Have read an ambiguous article today about "Young People in the UK to Choose Between Poverty and Debt".
What is apparent, there are socio-economical issues that the UK people would like to resolve:
- growing unemployment
- growing poverty
- young people sitting on welfare payments
- competition from skilled people from other countries
The initiative David Cameron announced sounds very interesting, especially in it's part where jobless "would have to accept mandatory 'community work'" if failing to find employment within reasonable timeframe.
I would like to highlight some failing points in the article that are presenting the initiative as "predictably vindictive" and with permission from a reader to provide advice to "young" persons like me.
One of the complaints is low level of payment for apprenticeship and for young men and women who just finished studies. This claim is based on presumption that every business owner (and in modern world everything is "considered" as a business even a government) should pay as much as required by the person who is seeking apprenticeship or a newly graduate. Meaning a person in 99.9% of cases with zero or very limited experience in any industry and in life generally.
Imagine you run basket weaving business. Leaving the issue of sales and other business related problems you are suggested to pay high salary to an apprentice or a recent graduate who doesn't know how to weave properly, doesn't know all your product designs, very slow (because of no skills), keeps asking questions and make mistakes here and there. Also if you have a contract to make a deliver a batch of baskets for certain deadline and of certain quality that you charge for - you would need to make sure the apprentice is covered by somebody more experienced and that person wouldn't be very happy to work more in prevailing majority of cases without immediate increase in remuneration.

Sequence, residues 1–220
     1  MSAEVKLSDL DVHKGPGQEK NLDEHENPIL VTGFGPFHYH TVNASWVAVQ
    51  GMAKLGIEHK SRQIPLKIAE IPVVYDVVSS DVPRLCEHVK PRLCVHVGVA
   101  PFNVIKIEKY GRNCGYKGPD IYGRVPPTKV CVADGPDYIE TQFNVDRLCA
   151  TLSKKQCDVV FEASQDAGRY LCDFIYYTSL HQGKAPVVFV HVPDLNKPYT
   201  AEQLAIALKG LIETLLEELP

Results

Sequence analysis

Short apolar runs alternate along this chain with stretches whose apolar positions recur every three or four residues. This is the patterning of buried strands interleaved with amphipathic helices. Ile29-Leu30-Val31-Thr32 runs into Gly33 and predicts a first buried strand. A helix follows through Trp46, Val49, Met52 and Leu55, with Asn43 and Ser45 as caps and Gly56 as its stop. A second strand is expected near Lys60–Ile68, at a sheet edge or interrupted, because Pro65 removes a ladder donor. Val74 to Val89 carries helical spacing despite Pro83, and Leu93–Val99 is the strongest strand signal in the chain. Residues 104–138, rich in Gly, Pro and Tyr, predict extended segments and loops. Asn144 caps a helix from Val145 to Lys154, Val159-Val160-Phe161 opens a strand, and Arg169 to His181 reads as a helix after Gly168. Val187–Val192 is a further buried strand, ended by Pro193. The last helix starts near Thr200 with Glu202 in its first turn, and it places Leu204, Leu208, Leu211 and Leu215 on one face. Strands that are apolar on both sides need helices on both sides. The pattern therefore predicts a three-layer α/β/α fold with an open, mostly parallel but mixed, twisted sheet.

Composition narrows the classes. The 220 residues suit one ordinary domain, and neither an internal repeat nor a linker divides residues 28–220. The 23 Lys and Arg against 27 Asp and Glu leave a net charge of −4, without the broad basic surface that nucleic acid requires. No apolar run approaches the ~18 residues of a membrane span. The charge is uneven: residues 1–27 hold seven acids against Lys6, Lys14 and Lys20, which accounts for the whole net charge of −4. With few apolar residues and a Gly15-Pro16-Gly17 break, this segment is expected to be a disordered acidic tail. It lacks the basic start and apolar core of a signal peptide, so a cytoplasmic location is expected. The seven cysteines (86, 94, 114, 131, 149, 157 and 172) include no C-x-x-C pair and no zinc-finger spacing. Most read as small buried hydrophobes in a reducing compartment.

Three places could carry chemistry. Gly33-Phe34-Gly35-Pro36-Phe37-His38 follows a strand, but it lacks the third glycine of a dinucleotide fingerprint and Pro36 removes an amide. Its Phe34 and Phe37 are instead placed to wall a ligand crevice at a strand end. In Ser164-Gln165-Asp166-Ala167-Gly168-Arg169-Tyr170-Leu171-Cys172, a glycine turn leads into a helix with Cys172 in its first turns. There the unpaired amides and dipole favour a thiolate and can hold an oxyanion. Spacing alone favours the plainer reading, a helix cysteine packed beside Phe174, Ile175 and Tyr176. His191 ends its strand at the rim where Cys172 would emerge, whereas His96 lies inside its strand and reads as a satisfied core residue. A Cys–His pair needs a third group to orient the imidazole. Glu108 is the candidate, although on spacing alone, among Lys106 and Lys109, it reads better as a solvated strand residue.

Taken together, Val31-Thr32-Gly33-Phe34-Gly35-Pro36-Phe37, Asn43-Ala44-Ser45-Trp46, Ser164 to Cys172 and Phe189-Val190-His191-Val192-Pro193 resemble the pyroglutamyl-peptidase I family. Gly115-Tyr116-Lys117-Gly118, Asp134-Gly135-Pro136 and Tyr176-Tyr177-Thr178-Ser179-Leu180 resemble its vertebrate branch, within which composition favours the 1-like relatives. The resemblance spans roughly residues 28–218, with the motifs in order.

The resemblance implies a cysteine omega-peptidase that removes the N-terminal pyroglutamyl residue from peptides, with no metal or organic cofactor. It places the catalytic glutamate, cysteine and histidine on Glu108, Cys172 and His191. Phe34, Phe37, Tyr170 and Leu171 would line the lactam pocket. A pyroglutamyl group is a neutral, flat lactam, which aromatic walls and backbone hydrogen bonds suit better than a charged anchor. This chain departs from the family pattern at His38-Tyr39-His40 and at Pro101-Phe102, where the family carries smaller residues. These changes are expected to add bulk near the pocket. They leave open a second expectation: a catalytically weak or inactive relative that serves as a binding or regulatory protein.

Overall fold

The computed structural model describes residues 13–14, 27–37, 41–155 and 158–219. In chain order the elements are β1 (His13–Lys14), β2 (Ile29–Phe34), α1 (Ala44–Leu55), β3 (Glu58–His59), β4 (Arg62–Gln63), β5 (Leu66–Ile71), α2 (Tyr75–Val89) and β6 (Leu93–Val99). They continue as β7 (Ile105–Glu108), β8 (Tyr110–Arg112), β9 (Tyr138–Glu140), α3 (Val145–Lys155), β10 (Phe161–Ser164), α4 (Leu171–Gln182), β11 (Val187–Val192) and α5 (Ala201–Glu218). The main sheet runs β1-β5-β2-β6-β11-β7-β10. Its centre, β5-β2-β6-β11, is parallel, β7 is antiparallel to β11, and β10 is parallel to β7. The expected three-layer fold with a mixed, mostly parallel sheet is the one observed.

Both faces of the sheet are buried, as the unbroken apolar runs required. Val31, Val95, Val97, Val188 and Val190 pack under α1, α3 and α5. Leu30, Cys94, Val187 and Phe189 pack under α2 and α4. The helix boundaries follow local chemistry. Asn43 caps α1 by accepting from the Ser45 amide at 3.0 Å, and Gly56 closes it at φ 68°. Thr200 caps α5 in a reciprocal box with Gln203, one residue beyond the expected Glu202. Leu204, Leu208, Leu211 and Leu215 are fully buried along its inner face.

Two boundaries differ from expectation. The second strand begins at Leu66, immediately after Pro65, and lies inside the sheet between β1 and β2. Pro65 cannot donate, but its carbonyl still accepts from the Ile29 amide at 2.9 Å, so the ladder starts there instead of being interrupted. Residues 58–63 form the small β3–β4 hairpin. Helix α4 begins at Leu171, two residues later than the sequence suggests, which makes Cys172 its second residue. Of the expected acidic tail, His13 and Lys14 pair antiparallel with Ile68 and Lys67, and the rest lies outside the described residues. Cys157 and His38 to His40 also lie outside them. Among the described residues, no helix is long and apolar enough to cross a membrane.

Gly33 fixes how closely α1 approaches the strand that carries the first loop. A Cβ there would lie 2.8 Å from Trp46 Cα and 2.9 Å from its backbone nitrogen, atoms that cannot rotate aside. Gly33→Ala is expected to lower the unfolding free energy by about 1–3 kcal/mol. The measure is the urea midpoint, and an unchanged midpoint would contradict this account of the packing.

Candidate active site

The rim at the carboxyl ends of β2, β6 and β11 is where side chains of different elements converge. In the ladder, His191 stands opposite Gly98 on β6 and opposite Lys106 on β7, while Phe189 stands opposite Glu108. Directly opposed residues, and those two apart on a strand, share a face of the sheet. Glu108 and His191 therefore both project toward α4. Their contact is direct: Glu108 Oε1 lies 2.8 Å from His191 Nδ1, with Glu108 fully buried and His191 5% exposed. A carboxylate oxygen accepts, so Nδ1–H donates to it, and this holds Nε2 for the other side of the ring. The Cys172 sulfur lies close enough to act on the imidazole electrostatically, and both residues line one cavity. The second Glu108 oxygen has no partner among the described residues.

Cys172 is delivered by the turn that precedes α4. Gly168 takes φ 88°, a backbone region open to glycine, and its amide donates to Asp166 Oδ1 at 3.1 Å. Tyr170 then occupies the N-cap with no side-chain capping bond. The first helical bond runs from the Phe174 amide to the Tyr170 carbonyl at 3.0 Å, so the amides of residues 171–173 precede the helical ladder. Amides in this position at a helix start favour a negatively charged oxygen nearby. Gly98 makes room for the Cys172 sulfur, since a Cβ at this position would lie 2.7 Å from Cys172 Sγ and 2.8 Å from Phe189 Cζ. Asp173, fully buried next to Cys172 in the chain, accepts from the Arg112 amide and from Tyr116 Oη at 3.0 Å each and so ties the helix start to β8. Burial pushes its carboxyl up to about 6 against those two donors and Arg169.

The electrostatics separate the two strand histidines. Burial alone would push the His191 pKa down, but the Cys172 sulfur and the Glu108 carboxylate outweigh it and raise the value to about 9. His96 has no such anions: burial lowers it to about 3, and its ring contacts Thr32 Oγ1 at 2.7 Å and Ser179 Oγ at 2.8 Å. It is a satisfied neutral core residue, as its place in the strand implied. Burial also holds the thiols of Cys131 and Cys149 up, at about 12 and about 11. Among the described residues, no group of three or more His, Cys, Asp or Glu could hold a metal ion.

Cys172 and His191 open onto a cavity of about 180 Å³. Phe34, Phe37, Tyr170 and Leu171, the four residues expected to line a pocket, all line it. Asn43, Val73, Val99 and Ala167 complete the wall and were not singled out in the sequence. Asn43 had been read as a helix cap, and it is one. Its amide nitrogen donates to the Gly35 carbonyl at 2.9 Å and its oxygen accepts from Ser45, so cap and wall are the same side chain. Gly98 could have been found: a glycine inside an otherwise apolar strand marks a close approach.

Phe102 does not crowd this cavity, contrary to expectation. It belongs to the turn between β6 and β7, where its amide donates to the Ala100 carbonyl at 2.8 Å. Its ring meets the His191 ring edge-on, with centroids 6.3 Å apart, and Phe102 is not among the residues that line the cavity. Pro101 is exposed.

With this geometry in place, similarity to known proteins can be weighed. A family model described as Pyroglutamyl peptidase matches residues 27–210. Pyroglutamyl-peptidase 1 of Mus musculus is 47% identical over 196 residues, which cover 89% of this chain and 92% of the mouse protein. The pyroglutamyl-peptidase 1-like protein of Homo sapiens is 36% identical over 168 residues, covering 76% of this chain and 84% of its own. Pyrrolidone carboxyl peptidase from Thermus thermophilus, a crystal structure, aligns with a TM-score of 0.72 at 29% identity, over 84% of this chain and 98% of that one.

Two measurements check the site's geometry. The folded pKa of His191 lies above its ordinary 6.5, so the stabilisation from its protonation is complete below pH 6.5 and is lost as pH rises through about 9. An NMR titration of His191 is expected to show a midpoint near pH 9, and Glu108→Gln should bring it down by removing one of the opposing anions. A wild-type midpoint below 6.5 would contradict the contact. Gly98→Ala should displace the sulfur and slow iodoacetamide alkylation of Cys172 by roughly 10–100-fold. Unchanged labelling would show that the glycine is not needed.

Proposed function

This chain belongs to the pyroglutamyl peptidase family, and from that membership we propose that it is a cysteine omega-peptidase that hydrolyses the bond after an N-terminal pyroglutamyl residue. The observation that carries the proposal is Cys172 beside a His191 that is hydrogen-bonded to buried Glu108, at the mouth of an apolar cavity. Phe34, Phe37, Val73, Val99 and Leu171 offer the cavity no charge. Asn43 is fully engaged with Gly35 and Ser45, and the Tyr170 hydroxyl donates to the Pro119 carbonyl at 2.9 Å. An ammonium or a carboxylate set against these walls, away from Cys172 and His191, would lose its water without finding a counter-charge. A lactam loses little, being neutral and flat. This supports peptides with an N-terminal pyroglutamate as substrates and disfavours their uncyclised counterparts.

People who distribute money to others and can control this process are deciding what to do with it. Therefore complaints about minimal payments are just useless. In addition to that there is a passage "History offers something of a solution then — falling poverty through rising wages and state funding for those who choose learning", which is not followed by the explanation of where to get the money to rise wages? In the past it has been easy with refinancing - meaning that countries could grow debt or other means to boost their internal economy the results of which was invested in welfare, wages, infrastructure etc. Now "The Times They Are a-Changin'"
Second problem I see in the article is an appeal to some guarantee of earnings - "while doing nothing to guarantee earnings that are worth turning up for". Everybody who is currently leaving on planet Earth and is a human being should understand that there is no guarantee of earnings! Can businesses (including government) get money to feed people working for them - there are earnings. That means every person who is willing to feel comfortable with earnings should be flexible and learn as much about the world as possible and work harder every day. "Being smarter" is getting negative connotation these days, because too many people showing off as being "smart" and take advantage of others. Therefore not everybody can be smarter, but everybody can and should work harder. Labour played a good deal in the transition from ape to man a long time ago and therefore labour makes us better. All labour that is value adding and that is available to us in the modern world.
I have been a student myself (almost 15 years ago I finished university) and I understand the issues that the young adults are facing, but the key is to understand that people who provide working places and create opportunities also would like a reward for that. This is alright and natural and there is no foreseeable easy solutions for this conflict of interests.